Taking a spare moment today between packing and writing projects to read one of the many wonderful essays linked through The Essayist website. This one, by Jennifer Egan, was published at GQ in 2002 and concerns her life-long dislike of Madonna. I found this gem of a connection especially illuminates how I think about pop music fandom in the present moment:
I’m not denying that there can be vanity, egotism and even real ugliness to Madonna’s self-exposure. One thing that makes Sex such a squirmy book to look at, and Truth or Dare such an uncomfortable movie, is Madonna’s obvious and unwavering complicity with the camera — an allegiance that seems to outrank any other bond she might ever form, sexual, professional, even familial. We’re watching her watch herself, is the feeling — there’s no one else in the room. In this sense we, the viewers, are complicit in her narcissism–essential to it. In his seminal book, The Image, Daniel Boorstin wrote, “Man fulfills his dream and by photographic magic produces a precise image of the Grand Canyon. The result is not that he adores nature or beauty the more. Instead he adores his camera — and himself. He is impressed, not by what he sees. . .Rather by the extreme and ever-growing cleverness of his ways of seeing it.”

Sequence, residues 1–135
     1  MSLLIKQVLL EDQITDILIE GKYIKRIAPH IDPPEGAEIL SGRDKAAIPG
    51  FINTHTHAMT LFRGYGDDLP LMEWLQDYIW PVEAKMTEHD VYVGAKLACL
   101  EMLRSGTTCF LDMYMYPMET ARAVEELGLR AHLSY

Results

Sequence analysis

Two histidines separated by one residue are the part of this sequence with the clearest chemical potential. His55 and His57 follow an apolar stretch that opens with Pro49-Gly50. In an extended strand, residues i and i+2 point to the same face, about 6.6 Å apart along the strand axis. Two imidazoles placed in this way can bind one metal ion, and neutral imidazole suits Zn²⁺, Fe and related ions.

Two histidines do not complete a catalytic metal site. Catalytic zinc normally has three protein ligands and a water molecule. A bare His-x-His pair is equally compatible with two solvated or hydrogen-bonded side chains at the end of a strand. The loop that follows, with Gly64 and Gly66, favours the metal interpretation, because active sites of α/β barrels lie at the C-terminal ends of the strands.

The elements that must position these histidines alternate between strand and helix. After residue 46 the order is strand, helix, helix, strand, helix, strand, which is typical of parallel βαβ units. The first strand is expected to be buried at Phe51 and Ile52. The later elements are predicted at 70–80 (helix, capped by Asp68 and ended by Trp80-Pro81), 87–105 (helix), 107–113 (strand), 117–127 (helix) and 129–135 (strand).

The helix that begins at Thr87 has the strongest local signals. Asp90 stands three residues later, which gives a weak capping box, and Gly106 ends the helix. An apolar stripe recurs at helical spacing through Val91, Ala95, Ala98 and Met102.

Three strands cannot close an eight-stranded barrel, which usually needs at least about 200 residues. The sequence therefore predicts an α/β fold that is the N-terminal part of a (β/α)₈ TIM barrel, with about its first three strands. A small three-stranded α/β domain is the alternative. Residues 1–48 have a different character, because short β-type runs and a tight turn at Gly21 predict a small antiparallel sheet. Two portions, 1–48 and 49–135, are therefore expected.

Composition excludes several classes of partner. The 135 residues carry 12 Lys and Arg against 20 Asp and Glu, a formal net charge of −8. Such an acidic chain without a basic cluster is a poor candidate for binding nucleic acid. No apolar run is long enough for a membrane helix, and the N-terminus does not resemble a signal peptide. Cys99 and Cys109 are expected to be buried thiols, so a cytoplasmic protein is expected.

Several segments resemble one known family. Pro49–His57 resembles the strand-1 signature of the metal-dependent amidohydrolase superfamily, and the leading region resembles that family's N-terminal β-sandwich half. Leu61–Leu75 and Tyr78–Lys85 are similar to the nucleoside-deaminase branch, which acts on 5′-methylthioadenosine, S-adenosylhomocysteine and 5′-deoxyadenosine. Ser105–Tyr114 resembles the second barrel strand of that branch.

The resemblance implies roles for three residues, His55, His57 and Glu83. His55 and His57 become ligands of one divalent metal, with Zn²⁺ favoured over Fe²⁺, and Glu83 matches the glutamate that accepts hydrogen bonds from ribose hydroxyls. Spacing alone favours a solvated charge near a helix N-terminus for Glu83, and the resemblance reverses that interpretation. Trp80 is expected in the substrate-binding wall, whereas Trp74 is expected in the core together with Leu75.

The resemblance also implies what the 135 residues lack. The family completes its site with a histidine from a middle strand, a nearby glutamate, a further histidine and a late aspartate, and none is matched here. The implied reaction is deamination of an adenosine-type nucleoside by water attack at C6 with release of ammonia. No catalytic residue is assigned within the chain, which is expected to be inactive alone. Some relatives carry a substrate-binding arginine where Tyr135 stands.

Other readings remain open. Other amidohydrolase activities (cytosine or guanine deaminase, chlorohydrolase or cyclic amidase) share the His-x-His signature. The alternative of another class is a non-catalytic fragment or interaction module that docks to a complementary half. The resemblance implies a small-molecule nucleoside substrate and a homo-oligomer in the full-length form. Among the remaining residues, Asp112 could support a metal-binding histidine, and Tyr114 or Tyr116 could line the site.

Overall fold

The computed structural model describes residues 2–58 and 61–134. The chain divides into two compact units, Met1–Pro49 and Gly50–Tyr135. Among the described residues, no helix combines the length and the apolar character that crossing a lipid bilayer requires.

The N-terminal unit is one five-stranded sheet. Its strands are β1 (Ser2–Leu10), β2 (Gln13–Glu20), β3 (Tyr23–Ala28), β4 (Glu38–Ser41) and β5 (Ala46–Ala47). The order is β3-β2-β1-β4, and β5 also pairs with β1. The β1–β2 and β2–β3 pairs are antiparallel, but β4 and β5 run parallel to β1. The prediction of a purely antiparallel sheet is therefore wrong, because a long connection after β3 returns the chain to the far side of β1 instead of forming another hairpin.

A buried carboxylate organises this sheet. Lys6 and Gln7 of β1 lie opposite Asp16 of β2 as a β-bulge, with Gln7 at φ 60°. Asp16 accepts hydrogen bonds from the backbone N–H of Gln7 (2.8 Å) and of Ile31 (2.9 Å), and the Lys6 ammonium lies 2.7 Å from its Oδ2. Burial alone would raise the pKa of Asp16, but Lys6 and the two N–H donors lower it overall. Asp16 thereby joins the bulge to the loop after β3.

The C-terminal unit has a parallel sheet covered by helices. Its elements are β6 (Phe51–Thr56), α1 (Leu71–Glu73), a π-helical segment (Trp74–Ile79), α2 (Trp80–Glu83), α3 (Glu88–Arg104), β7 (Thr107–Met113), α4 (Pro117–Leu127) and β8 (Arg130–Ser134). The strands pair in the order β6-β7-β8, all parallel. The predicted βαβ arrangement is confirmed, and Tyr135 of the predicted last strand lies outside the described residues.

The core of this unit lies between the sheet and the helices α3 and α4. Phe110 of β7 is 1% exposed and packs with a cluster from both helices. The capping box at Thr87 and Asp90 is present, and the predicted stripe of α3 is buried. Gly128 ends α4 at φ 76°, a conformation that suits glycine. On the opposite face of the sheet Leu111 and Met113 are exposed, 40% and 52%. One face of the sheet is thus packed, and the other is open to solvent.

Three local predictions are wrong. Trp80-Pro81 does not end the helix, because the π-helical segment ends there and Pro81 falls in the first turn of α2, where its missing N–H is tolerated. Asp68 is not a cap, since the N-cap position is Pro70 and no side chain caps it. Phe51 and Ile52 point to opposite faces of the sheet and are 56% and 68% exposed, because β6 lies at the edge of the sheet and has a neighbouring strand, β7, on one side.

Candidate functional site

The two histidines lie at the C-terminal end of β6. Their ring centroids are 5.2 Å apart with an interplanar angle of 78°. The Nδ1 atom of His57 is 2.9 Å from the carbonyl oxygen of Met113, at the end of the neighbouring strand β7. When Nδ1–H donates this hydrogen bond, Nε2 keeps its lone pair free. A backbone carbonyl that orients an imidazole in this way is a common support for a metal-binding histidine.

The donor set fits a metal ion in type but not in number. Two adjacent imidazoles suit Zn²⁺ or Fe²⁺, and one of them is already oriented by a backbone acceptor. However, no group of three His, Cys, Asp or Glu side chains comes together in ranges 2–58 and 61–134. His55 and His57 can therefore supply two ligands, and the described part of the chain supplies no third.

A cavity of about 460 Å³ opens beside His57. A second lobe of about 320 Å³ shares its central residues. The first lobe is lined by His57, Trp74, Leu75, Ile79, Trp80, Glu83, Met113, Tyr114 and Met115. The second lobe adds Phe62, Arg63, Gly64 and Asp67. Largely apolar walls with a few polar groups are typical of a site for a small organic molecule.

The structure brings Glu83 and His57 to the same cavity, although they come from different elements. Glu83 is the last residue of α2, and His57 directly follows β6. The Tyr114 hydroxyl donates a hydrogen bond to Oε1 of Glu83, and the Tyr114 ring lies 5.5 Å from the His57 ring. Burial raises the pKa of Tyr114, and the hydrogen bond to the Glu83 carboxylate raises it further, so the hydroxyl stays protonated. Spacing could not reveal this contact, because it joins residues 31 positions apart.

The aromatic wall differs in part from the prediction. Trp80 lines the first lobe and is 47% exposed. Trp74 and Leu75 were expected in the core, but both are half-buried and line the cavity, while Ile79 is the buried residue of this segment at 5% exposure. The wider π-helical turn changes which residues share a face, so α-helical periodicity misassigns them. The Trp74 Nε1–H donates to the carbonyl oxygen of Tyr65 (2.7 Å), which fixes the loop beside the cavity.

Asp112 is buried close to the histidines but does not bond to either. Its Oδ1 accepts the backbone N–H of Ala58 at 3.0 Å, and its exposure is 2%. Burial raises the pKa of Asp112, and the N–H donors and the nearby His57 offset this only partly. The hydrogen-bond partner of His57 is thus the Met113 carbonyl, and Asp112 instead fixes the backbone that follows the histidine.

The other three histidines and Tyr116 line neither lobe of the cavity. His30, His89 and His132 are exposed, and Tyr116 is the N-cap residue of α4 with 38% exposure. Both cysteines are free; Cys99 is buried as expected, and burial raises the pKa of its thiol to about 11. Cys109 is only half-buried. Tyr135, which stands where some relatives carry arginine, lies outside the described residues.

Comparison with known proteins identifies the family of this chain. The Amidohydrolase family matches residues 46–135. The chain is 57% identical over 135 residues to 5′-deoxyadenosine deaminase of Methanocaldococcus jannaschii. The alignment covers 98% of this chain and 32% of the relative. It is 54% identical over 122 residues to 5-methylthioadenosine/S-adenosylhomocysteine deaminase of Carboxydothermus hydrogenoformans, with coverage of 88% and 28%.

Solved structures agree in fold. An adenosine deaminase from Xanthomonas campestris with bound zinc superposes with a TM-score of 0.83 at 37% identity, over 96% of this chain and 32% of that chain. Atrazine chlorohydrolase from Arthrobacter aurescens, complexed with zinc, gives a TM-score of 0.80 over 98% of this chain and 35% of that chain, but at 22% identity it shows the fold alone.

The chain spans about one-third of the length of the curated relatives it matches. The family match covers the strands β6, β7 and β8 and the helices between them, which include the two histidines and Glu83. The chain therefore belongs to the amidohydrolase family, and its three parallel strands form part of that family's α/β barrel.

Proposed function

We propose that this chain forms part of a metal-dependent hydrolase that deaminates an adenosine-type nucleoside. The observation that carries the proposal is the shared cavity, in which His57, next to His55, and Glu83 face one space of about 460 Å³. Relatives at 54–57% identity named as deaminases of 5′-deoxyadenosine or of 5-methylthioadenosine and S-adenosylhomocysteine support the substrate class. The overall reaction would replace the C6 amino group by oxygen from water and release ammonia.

I certainly think the same the true of Lady Gaga’s fans–that they love her because they love the sense of cleverness they feel while consuming her and interpreting the meaning of their consumption. I think it also true of our iPhone, iPad, I’ll-skype-you, Real World world. We love how we look at things, and the things themselves are rather like afterthoughts–vessels for the gaze.
*With apologies for blending MJ in with Madonna, which we should have stopped doing in, oh, 1986 or so.